Friday, December 07, 2012

“Any Day Now” – Movie Review



This week in my movie class, we saw the drama “Any Day Now”, starring Alan Cumming.


When a handicapped teenager is abandoned by his mother, he is adopted by a gay couple – but will they legally be allowed to keep the boy?


In the Los Angeles of 1979, Rudy (Cumming) spends his nights performing the disco hits of the day as one third of a trio of lip-synching drag queens at a West Hollywood gay bar; by day, he’s trying to get his own real singing career going. One evening, when Paul (Garret Dillahunt) walks in, it’s lust at first sight with this new patron; shortly after Rudy’s gig, they hook-up and seem to hit it off right away. Afterwards, Rudy reveals he knew he was gay since he was a boy, but Paul admits that he didn’t come to his own awareness until long after he found himself in a dissatisfying marriage; recently divorced and moved to Los Angeles from Walla Walla, Washington, he is currently pursuing a career as a lawyer with the local District Attorney’s office.

One night in his apartment building, Rudy discovers Marco (Isaac Leyva), a 14 year old boy with Down Syndrome who lives in the apartment next to his. Marco’s junkie mother has left him after being recently arrested by the police; Rudy does his best to care for the boy, but seeks Paul’s legal advice as he attempts to navigate his way through the system. When Family Services takes the boy in and places him in a foster home, Marco runs away; once Rudy finds him, he requests Paul’s assistance in getting Marco’s mother to sign the boy over to them for guardianship. Rudy and Marco wind up moving in with Paul and together, they try to carve out some form of a family life.

But when Paul’s employer learns of his secret life, Paul is not only fired from his job, but also, he and Rudy are brought into court so that it could be proven that they are unfit to raise Marco. While they are temporarily able to regain custody of the teenager, the couple is eventually forced to return him to his mother upon her release from jail. Seeking counsel from a more experienced attorney, Rudy and Paul fight vigorously to wrest Marco from his drug-addled mother. But can they reacquire custody of the boy before Marco is completely neglected by his mother?


While “Any Day Now” is supposed to be based on true events, I have no idea how accurate the events in the story are in relation to what actually occurred in real life; I do know, however, that the ending of the movie did change multiple times in subsequent drafts of the screenplay. Having said that, I did find the film difficult to sit through – not because of the nature of the story, but because of the way it was told. To me, it felt as though every possible cliché was pulled out in this script to the point that it had quite the feel of a melodrama that would be a good fit on either the OWN, Lifetime or Oxygen networks.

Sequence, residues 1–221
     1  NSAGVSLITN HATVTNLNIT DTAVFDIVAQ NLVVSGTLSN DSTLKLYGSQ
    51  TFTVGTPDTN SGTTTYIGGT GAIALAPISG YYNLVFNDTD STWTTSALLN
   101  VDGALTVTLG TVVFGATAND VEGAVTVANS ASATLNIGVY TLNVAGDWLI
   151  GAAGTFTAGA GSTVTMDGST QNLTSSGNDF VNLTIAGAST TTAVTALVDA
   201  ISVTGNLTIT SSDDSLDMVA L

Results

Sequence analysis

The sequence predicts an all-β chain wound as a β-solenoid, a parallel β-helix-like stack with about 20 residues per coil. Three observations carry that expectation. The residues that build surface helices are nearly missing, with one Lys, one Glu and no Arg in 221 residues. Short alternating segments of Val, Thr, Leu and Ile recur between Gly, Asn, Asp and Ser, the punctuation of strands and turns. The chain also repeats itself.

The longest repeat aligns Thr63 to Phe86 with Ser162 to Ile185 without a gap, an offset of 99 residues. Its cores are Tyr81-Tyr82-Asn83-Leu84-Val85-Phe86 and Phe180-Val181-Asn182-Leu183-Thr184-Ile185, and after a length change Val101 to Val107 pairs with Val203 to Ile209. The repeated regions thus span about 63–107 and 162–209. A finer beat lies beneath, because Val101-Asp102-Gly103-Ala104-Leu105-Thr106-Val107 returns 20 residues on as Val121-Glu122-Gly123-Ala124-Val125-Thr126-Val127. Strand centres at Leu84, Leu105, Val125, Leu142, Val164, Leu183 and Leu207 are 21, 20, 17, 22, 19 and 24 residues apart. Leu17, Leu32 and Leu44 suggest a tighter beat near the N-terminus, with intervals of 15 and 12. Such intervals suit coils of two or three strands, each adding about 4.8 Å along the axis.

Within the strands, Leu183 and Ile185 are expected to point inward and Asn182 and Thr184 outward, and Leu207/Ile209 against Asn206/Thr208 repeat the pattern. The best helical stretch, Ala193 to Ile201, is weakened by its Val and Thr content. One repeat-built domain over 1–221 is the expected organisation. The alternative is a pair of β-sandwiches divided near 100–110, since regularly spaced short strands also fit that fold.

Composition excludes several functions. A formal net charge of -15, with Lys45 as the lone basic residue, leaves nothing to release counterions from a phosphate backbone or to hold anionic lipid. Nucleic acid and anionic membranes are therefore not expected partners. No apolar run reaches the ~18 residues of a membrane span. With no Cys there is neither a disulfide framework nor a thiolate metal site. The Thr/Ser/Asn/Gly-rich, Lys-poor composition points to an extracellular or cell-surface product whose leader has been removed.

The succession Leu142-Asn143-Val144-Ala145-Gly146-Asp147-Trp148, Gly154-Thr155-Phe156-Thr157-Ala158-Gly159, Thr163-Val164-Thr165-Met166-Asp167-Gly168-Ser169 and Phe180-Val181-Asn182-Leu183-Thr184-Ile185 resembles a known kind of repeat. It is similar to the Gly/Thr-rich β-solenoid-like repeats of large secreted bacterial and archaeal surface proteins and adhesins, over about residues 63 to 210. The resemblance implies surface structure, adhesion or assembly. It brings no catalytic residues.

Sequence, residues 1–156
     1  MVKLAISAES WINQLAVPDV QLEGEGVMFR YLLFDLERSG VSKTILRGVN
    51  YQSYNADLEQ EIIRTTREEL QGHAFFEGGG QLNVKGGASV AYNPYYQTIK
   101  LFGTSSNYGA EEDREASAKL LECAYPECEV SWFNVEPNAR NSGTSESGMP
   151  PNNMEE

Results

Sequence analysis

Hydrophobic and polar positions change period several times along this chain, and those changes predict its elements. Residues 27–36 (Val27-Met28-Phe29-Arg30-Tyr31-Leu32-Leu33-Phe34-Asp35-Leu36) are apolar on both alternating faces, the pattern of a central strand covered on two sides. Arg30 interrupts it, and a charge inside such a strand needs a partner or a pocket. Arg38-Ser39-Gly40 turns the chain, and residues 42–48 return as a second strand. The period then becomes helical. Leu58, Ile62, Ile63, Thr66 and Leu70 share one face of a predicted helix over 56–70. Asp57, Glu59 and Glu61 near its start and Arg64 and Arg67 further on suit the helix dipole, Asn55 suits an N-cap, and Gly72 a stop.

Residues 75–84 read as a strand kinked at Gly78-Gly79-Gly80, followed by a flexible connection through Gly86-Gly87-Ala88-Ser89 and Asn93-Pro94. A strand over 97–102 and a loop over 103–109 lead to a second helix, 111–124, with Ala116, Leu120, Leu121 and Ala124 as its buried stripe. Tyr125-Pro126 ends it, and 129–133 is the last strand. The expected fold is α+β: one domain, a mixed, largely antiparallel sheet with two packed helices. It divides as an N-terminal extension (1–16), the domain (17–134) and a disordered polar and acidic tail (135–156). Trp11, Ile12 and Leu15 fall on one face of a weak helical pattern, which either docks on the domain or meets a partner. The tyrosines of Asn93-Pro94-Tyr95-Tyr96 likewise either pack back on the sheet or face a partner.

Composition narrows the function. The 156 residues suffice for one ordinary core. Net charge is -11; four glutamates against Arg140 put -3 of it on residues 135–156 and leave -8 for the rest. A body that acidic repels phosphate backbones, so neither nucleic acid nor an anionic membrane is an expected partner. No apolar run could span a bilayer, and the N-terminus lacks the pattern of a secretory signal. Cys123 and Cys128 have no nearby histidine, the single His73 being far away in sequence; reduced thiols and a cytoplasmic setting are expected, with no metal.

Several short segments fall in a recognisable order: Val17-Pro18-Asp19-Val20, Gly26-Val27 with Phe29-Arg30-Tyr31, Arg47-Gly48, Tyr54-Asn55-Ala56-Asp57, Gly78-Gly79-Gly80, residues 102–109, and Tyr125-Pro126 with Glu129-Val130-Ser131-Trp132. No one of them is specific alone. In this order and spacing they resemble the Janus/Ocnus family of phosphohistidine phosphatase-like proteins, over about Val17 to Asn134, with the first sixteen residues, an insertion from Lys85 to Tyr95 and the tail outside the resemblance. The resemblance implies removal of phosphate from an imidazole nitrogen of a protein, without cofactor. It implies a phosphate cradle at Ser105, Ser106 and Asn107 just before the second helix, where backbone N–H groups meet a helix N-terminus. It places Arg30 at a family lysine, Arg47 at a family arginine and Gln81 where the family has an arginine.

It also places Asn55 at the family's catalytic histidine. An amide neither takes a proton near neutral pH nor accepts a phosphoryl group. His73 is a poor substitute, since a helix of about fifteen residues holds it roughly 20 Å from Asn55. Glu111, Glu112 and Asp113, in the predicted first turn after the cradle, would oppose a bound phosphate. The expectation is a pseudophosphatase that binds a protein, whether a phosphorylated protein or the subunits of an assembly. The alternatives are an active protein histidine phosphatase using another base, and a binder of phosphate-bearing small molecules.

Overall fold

Alan Cumming is a very gifted actor – however, I do not consider “Any Day Now” to be one of his better performances. For one thing, his character Rudy is supposed to originally be from Queens, New York; Cumming’s attempt at a New York accent is downright awful. It would seem as though Cumming took the role because it gave him an opportunity to play a flamboyant character and provide him with a chance to sing; however, his Rudy is so unlikeable in his irrational, childish histrionics that he became immediately unsympathetic to me – once this happens, it winds up being rather difficult to root for the character, regardless of what he may attempt to do in order to redeem himself.

Following the screening, our instructor interviewed the movie’s star, Alan Cumming. Cumming said that he was sent the script for “Any Day Now” in early 2011 and wound up shooting it in Los Angeles in the summer of that year, during his hiatus from the New York City – based television series, “The Good Wife”. Interestingly, he said that he was an amateur magician; he believes he is drawn to that because it would allow him to use his acting skills in order to deceive and misdirect the audience. Cumming announced that he always carried around with him a magic trick that he could perform at any time. At the urging of our instructor (and he really didn’t have to urge very hard), Cumming successfully performed his lone card trick.


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